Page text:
Shuls need to discover democracy
The level of debate in our organisations has dwindled to nothing
Moshe Kantor, the president of the European Jewish Congress, recently suggested that Jews outside Israel should be entitled to vote in Israeli elections. At a stroke, diaspora Jews would be converted into honorary Israelis, and armchair Zionism would take on a whole new meaning.
As ideas go, it is barely a starter, since it is hard to see why Israelis should offer a stake in the choice of their parliament to non-citizens who neither pay taxes to the state nor, by and large, have to live with the consequences of the decisions made by its politicians.
But in one respect at least, Kantor’s proposal has merit. It would inject some life into the placid world of Anglo-Jewish politics.
Imagine synagogues transformed into political theatres where the leaders of Likud and Kadima pitched for votes in live video hustings. Or members of the Pensioners’ Party stomped around Jewish Care homes in a bid to whip up support. Or followers of the Green Leaf — legalise marijuana — Party tried to peddle their narcotic dreams to the Board of Deputies.
Anyone looking for the drama of democracy in action, however, will simply have to make do with the US elections this year — “US” as in United Synagogue. The triennial race for the leadership of Britain’s largest synagogue organisation is now on. As yet, we do not even know whether there will be an electoral contest come July, and the current president, Simon Hochhauser, has still to declare whether he is seeking re-election. All one can say for certain is that a first black US president is highly unlikely and a female one impossible, since the rabbis will not yet permit it.
Indeed, it is hard to recall an election for any major Anglo-Jewish body in recent years that has generated any kind of excitement (students excepted). The last was probably the United Synagogue presidential elections nine years ago — but that was due to a large extent to one candidate (Malcolm Cohen) challenging the eligibility of the other (Peter Sheldon).
Hope for a keenly fought contest between two equally strong candidates with distinctive manifestos or a duel of ideas, and you are likely to be disappointed.
But leadership elections are not the only area in which communal democracy has gone limp.
Beyond choosing their leaders, it is not clear what part the average member of the United Synagogue council or the Board of Deputies actually plays in their organisation. Increasingly over the years, decision-making is confined to a small executive circle, with the ordinary members left with little more to do than rubber-stamp it.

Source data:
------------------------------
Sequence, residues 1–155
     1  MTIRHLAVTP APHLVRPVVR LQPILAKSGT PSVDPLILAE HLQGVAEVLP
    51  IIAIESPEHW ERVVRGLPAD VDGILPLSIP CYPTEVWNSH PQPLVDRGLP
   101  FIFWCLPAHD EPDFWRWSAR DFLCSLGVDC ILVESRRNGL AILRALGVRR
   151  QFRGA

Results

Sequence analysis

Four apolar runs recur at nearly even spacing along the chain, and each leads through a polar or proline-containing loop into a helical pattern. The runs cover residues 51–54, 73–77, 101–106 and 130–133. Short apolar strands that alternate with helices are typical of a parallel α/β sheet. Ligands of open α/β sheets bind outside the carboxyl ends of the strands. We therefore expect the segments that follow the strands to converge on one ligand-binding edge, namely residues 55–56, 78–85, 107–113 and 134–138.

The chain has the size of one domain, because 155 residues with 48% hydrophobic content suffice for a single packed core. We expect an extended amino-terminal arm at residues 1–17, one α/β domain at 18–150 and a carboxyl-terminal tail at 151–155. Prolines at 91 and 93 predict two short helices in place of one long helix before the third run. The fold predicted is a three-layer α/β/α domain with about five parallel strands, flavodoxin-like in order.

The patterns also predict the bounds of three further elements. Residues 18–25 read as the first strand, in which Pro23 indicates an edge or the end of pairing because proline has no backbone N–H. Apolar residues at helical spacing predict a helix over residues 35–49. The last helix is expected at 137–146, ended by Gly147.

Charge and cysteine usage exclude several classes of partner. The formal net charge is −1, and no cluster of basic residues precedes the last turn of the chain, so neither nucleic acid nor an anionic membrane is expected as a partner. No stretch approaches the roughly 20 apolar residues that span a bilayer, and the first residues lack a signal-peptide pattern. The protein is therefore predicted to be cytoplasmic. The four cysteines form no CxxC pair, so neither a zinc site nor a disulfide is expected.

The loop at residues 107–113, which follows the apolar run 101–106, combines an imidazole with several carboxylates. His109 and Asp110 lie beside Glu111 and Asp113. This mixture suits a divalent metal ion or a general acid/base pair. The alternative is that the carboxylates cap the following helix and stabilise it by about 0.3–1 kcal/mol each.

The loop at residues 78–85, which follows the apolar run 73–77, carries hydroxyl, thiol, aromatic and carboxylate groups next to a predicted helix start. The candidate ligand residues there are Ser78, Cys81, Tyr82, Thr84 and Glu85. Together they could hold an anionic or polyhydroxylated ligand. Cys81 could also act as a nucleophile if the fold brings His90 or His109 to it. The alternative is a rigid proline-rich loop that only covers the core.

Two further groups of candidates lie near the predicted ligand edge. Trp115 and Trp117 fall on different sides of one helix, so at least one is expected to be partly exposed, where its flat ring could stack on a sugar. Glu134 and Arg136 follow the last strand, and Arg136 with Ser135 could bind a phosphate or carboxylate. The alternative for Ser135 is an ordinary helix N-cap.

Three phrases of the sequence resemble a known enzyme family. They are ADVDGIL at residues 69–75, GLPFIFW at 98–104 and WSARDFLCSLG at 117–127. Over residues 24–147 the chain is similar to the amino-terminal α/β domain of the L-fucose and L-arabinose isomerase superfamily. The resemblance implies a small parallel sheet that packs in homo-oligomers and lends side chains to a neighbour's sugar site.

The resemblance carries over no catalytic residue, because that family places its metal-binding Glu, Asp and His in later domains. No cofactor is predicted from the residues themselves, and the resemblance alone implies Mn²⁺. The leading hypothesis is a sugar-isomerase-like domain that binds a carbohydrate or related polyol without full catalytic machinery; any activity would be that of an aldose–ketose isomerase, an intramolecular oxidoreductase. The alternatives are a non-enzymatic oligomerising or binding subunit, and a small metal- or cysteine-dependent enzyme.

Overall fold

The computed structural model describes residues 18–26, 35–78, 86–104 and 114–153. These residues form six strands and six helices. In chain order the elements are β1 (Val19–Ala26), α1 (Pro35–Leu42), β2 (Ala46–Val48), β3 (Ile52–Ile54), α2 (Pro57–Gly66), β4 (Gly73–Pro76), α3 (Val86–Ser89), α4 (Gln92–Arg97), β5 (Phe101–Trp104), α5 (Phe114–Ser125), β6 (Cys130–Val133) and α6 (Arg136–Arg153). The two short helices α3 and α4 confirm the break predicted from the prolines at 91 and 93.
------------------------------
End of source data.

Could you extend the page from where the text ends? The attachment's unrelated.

Can any one remember a policy debate of any consequence, or a resolution which has encouraged a passionate exchange of views? In recent months, the main talking-point among members of the United Synagogue Council is their sense of existential crisis: “What is the point of us being here?”
To be fair to the US, the neutering of its council has been the result of constitutional changes imposed by the Charity Commission which concentrated more power in its honorary officers at the expense of the council membership as a whole. Somehow, the US has to find a way to revive the role of ordinary council members in determining policy, or the council will slip further into the irrelevancy that is already producing poor attendances.
The agenda of Board of Deputies plenary sessions, meanwhile, seems to grow thinner by the year. Admittedly, there have always been meetings where one would struggle to stay awake even if attached to an amphetamine drip. But from time to time, genuine debates used to take place on real issues: was it right for members of the Board to meet representatives of the PLO at a time when such contacts were banned by the Israeli government? Should British Jews consider themselves an ethnic minority?
Jewish organisations now seem so anxious to preserve consensus that they are almost running scared of controversy, fearing to raise any issue where there may be differences of opinion lest it exacerbate communal tensions. Whereas American Jewish groups have spoken their mind, for example, on the possible partition of Jerusalem, here a discreet silence reigns. The life is slowly draining out of our debating chambers. If argument is the fuel of democracy, the tanks are running close to empty.
Simon Rocker is the JC’s Judaism editor